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'This Author's Life': Amy's Blog

Trying to Hang onto Summer? Make a Key Lime Pie

When I was a newspaper reporter, I knew a novice food writer who got the assignment of her dreams from a big magazine: She was to travel throughout the South in search of the best Key Lime Pie. It seems the distinctive flavorings of Key Lime Pie have inspired epic struggles about the “right”  Read More 
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Lets Talk about Grits!

The release date for my novel, Miss Dreamsville and the Lost Heiress of Collier County, is just around the corner – September 8. I’m celebrating by sharing recipes of yummy dishes and desserts mentioned in the book, which is set in Florida during the 1960s. Today’s recipe is for Collier County “Guilty Pleasure” Cheese Grits. Special thanks to my husband, Blair, who grew up in Collier during that era, for his dutiful assistance in helping me re-create these recipes. Read More 
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When Baking Brings Back Memories

One of the most popular desserts of the 1960s was Pineapple Upside-Down Cake. The way I remember it, there rarely seemed to be a gathering where someone didn’t bring one, and church suppers often featured two or three. At home, my mom sometimes made one when it was her turn to host her  Read More 
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New Video! (Also known as a "Book Trailer")

A book trailer (or short video) is a way for an author to connect with her readers and let them know what her book is about.

At 5 minutes and 49 seconds, my new one is a little longer than most. While it focuses on my new book, we found it necessary to provide some context  Read More 
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The Lazy Days of Summer: Where Did They Go?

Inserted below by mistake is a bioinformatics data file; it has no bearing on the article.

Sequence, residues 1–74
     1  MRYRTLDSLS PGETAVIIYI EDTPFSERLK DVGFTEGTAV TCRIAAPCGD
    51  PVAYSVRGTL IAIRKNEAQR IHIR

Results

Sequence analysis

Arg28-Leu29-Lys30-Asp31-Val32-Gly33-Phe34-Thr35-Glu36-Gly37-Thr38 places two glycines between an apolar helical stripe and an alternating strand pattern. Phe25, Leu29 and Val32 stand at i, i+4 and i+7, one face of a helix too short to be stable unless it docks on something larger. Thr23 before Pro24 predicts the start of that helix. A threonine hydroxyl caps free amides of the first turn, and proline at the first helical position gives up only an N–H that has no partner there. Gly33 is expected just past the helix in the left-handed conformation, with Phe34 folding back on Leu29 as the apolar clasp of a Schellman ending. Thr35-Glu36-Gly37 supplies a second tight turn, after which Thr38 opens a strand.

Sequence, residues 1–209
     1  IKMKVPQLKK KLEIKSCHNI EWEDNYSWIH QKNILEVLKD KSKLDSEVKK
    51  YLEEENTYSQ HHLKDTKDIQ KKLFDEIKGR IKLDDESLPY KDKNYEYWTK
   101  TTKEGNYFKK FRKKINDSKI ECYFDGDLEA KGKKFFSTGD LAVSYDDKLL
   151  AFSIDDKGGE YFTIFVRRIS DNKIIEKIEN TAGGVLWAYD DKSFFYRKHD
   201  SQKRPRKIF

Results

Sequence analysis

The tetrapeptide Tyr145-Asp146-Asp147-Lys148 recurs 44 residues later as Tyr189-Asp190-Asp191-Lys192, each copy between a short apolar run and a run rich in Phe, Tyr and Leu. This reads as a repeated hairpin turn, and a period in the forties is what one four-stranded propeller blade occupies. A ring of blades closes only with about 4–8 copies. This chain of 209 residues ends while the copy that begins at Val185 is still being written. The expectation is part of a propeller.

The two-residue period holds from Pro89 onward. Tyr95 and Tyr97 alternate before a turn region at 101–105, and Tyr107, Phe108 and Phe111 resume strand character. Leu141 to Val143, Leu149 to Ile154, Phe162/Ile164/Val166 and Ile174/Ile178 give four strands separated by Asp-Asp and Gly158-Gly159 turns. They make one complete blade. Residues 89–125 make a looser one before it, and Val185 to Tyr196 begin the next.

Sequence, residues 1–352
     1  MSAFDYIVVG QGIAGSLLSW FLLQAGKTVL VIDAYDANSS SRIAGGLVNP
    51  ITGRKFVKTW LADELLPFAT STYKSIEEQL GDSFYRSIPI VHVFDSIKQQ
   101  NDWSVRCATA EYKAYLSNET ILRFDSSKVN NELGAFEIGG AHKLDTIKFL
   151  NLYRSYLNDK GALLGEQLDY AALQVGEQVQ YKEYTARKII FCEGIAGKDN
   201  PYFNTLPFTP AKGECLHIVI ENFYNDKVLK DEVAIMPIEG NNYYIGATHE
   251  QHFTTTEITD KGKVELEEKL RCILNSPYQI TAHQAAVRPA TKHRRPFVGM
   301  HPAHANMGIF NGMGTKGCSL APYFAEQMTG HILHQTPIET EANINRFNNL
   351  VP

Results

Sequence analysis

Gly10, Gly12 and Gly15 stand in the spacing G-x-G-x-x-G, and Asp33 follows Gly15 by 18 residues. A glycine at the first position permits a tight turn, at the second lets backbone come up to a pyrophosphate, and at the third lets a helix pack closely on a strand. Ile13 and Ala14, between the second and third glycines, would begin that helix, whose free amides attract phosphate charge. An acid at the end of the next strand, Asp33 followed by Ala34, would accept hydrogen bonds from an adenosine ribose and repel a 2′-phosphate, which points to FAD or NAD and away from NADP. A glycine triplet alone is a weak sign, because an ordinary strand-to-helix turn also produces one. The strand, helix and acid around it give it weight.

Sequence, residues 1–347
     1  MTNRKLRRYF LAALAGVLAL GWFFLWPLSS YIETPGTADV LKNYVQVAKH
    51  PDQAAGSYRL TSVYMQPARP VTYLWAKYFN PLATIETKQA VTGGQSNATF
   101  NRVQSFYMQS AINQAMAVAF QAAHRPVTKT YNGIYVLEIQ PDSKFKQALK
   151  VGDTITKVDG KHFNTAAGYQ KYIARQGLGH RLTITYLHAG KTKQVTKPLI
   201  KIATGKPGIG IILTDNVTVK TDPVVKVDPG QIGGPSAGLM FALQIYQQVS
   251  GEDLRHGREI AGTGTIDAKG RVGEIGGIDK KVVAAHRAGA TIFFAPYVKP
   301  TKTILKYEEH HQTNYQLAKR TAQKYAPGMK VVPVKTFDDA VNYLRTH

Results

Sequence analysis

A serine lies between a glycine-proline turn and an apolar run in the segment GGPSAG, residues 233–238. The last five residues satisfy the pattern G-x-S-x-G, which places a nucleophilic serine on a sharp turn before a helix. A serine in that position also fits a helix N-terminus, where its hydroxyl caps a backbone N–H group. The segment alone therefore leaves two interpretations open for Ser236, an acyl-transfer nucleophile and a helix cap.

One of the saddest moments when you’ve become an adult is when you realize that summer is not what it used to be.

Gone are the days of playing hopscotch, climbing trees, and getting on your mother’s nerves.

Gone are the days when the only deadline is getting home in time for  Read More 
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Happy Father's Day to My Favorite 'Relic from Another Era'!

My dad’s way of dealing with challenging situations in life – most recently, aging – is to face them head-on with humor.

In recent years, he has started referring to himself as “the Relic from Another Era,” followed by a hearty chuckle.

I sometimes forget that he’s 91.

And then something happens that reminds me.  Read More 
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The Shame Game

I’ve always had a strong sense of justice, and recently I came across a newly-published book that appealed to the side of me which likes to champion the underdog.

The book is called Fat-Talk Nation, and it was written by an anthropologist named Susan Greenhalgh. The subtitle of the book, published by Cornell University Press, is The Human Costs of America’s War on Fat. Read More 
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Announcing: My Academic Article on the Delany Sisters

Five years ago I was asked to write a lengthy, peer-reviewed essay on the centenarian Delany Sisters for inclusion in a book to be called, North Carolina Women: Their Lives and Times Vol. II, part of a state-by-state academic series called Southern Women: Their Lives and Times.

That book has just been published by the University  Read More 
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Advice for Aspiring Novelists

The most frequent question I’m asked when I'm on book tour or lecturing at a university is––Where do the ideas for your fictional characters come from?

Often, the person asking the question is an aspiring writer who is struggling to create a main character who is believable and consistent.

Here is what  Read More 
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Rachel Carson, the woman behind Earth Day

In 1962, an American marine biologist named Rachel Carson published her third book. She called it, Silent Spring.

This book was a masterpiece. Although she died several years before someone coined the term “Earth Day,” and April 22 – today! – was designated an official holiday, Miss Carson is widely credited with laying the groundwork for  Read More 
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